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‘Half of Americans’ blame Trump for Capitol Hill attack

Poll could be blow to ex-president’s re-election bid

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Former US President Donald Trump urged his supporters to ‘fight like hell’ on the day of the Capitol riots. Photo: Karen Pulfer Focht/Reuters

Former US President Donald Trump urged his supporters to ‘fight like hell’ on the day of the Capitol riots. Photo: Karen Pulfer Focht/Reuters

Former US President Donald Trump urged his supporters to ‘fight like hell’ on the day of the Capitol riots. Photo: Karen Pulfer Focht/Reuters

Recent revelations about former US president Donald Trump appear to be taking a toll on his popularity, according to the latest poll.

About half of Americans believe Mr Trump should be charged with a crime for his role in the US Capitol attack on January 6, 2021, a new poll shows.

The survey from The Associated Press-NORC Centre for Public Affairs Research finds that 48pc of US adults say Mr Trump should be charged with a crime for his role, while 31pc say he should not be charged.

An additional 20pc say they don’t know enough to have an opinion.

More than half those polled (58pc) say Mr Trump bears a great deal or quite a bit of responsibility for what happened that day.

The poll was conducted after five public hearings by the House committee, investigating January 6, which has sought to paint Mr Trump’s potential criminal culpability in the events that led to deadly insurrection.

But it was taken before Tuesday’s surprise hearing featuring former Trump White House aide Cassidy Hutchinson.

Her explosive testimony provided the most compelling evidence yet that the former president could be linked to a federal crime, experts say

Views on Mr Trump’s criminal liability break down predictably along party lines, with 86pc of Democrats but only 10pc of Republicans saying he should be charged with a crime.

Among Republicans, 68pc say he should not be charged and 21pc say they don’t know.

Still, the fact that nearly half the country believes he should be prosecuted is a remarkable position for the former president, pointing to the difficulties he could face if he makes another run at the White House in 2024.

For Ella Metze, a South Carolina Democrat, Mr Trump’s culpability has been clear from the beginning, when he urged his supporters to march to the Capitol on the morning of January 6 and “fight like hell”.

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“It was meant to provoke violence because he kept encouraging them,” the 86-year-old told The Associated Press.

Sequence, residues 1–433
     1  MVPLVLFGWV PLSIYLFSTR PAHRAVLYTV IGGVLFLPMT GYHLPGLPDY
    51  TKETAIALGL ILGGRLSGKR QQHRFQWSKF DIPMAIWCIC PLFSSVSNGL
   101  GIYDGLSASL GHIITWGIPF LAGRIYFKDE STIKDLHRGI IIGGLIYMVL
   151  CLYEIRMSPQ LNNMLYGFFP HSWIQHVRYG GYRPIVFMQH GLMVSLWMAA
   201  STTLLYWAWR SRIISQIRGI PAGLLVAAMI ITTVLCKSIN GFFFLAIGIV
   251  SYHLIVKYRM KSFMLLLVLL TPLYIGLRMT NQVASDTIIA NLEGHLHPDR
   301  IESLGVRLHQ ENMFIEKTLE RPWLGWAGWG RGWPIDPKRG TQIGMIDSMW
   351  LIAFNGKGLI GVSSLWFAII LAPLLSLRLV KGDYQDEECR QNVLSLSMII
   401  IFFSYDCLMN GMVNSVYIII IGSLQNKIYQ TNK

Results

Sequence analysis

“As it happened, I watched it all and I just thought why doesn’t somebody stop this? Why doesn’t he stop this?”

Chris Schloemer, a Texas independent, agreed Mr Trump holds responsibility for egging on the crowd with his baseless claims of election fraud. But, the 61-year-old doesn’t lay the blame solely on the former president.

Mr Schloemer feels Republicans in Congress have a hand in what happened that day, too: “I feel like people were afraid of Donald Trump, especially Republican politicians, and so they wouldn’t rein him in, and I think that just emboldened him.”

And he’s not alone.

While views of Mr Trump’s role have not changed since December, Americans are somewhat more likely now than they were then to say Republicans in Congress were significantly responsible for the events of January 6.

Almost half (46pc) say that now, up slightly from 41pc in December. An additional 21pc say GOP lawmakers had some responsibility and 30pc say they were not responsible.

The change in the share saying Republicans in Congress have a large amount of responsibility was driven mostly by Democrats and independents.

Ulysses Bryant, a Democrat from Florida, said while he always believed Mr Trump and the rioters should be charged with a crime, he hadn’t known of the involvement of congressional Republicans until he began to follow the hearings.

Close to six in 10 Americans — 56pc — say they followed news about the congressional hearings. A smaller but still sizeable share – 42pc – say they watched or listened.

The nine-member panel, comprised of seven Democrats and two Republicans, has worked around the clock for the last year to investigate the connection between Mr Trump and his allies and the violence and chaos that ensued on the Capitol.

The public hearing phase of their investigation is meant to put all of that investigative work on display to the American public in an effort to create a historical record of what occurred.


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